Harley came into my life without warning. I was dropped from an assignment that meant the world to me and I felt as if my life was over. I was driving home, depressed, sad, pissed off, and decided to go into the animal shelter on a whim. It was on my way home, and I wanted to look at dogs. There he was, sitting in the cage, big brown eyes, an adorable tongue, plus he looked like a wart hog with his adorable cow spots which made him that much cuter. He couldn't have been more than 10-pounds. (You should see him now...) he immediately licked the cage when I went up to him and the attendant told me he did not respond to anyone like that. She also told me the next part that dictated my decision to take him home that day. He was found in a local city near by, nearly beaten to death, starved, and was a bait dog from a local dog fighting ring they had busted the week before. I still remember the bruises on his ribs and the gashes around his face. This dog took a beating and I remember feeling nothing but hate for the bastards that did this to him. I still feel that hate every time I think about how Harley was found. The attendant told me that if I didn't adopt him, he would be put to sleep the following week. "I'll take him." I said matter of factly.
I didn't tell anyone I was adopting a dog, because I didn't know I would be adopting a dog that day. Harley is my life, my saving grace, my kid, my boo-dog. This dog sleeps at my feet every night and is there by my side when I wake up every morning. He's my workout partner and my protector. He has horribly bad habits from being a former bait dog, such as being obsessed with jumping the fence, and a terrible fear of tall men and other dogs. He's with me at all times when I'm at home and he's a watchdog over our other pets. This dog would do anything for me and I'm grateful I took him home on one of the most saddest days of my life. Harley was the spark that made everything better durning that very dark time of my life. He was the key to me putting everything back together that I let fall apart. Two weeks later, that assignment I was dropped from didn't matter because I was offered my first radio job. I talked about Harley a lot of the radio. Everyone loved him. He's boo-dog, the big lug that the attendant swore to me wouldn't grow bigger than 60-pounds. 60-pounds huh? He's 90-pounds now. Yes, you read that right, 90-pounds. Harley protects his little sisters and barks at airplanes. He has a silly relationship with a squirrel and adores our cats, especially Giovianni. He's just a big dog who loves to give big kisses.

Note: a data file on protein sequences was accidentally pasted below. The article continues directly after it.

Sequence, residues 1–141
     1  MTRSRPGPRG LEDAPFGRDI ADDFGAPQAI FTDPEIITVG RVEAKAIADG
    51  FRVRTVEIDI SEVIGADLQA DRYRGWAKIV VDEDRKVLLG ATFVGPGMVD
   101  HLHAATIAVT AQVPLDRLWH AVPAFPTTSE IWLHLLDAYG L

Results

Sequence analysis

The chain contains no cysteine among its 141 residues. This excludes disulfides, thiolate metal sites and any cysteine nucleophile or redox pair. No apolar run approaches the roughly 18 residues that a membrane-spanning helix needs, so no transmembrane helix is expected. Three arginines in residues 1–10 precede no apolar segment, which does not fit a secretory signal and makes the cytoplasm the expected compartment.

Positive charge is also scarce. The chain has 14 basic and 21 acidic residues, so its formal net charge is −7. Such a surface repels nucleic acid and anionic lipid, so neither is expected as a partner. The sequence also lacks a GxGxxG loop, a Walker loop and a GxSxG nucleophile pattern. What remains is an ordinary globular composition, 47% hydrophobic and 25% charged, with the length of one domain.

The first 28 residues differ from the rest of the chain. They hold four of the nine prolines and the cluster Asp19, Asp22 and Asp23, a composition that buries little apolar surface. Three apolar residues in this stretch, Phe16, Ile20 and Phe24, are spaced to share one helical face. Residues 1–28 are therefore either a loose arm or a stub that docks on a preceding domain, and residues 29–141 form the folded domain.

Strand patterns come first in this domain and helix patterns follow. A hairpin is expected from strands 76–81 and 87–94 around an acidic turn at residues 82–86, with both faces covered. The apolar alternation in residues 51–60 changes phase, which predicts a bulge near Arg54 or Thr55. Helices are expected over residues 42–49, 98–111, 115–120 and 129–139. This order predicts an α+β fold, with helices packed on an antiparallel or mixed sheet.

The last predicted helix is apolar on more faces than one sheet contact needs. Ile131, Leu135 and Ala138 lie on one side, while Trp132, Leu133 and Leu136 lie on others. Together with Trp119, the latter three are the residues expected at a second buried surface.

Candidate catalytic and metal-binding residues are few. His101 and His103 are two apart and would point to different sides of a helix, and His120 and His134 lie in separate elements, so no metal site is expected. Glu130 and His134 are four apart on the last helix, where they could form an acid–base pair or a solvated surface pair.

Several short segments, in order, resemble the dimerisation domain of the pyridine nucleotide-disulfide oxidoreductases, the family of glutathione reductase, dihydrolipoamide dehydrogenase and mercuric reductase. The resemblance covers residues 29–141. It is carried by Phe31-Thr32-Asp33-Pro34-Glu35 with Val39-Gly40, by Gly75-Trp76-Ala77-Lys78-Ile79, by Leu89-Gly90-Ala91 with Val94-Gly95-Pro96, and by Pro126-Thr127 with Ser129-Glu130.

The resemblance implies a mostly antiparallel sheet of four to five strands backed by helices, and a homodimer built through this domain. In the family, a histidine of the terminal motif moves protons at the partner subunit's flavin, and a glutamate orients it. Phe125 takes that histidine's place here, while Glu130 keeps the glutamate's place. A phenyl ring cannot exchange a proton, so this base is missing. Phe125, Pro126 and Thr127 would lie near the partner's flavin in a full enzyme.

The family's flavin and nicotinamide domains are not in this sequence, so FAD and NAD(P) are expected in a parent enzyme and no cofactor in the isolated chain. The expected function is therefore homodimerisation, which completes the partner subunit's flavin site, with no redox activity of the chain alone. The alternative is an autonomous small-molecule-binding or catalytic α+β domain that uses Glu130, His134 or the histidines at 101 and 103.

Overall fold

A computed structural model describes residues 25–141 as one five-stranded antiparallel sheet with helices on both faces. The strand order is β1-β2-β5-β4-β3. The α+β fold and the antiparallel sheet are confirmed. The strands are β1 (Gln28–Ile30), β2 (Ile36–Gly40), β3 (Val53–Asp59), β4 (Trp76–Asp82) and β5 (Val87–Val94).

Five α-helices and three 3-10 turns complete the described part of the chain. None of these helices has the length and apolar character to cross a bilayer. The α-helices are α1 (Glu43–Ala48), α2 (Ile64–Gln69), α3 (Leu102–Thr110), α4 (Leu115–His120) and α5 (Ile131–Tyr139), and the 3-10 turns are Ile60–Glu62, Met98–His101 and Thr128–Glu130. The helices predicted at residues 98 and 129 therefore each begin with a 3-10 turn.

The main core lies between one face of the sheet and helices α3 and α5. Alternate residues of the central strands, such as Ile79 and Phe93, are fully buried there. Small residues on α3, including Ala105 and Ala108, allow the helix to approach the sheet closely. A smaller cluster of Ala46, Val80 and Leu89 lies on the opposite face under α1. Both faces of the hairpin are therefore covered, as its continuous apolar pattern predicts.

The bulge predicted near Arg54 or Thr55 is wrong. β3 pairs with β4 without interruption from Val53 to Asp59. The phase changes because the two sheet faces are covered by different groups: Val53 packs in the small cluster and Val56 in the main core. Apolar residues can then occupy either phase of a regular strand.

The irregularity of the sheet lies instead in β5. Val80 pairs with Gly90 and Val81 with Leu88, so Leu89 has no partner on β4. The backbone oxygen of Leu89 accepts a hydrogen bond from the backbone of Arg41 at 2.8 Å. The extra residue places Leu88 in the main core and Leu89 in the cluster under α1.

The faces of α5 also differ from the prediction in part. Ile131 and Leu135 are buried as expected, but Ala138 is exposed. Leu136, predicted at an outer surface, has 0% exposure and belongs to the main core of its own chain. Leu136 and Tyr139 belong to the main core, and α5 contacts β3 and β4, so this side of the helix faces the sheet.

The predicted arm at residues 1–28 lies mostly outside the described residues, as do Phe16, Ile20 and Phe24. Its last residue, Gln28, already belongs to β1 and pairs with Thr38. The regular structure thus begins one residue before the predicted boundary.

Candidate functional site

What I've learned from owning Harley is how awful humans are. How biased they can be, and how most people who are stupid hate his breed. Without even giving my dog and I a chance, they turn and walk the other way when they see us coming. People are so judge-mental that they cannot see past their own blindness. I've learned how cruel people are to this breed, and I wish I could line every one of those bastards up and well....I'll save that for a different post. I've learned how terrified my dog is of other humans he doesn't know. How he would take a bullet for me if he had too. He's my protector, my pal, my boo-dog. And despite all of the idiots in the world who has some stupid pre-conceived notion on this breed, we will still thrive. We will prove all of them wrong. And, hopefully crooks will stop using these dogs for horrific things too. The dogs need to live in safe homes with decent people who will take good care of them. All these dogs want is love and affection, a good human to lay their head on, and a warm place to sleep. All these dogs want is love. I think we can all relate to that, can't we?
I own two other dogs and an insane amount of cats, but Harley's story is different and it deserves to be heard. I will write about my other babies in another post, but in this one Harley is the star.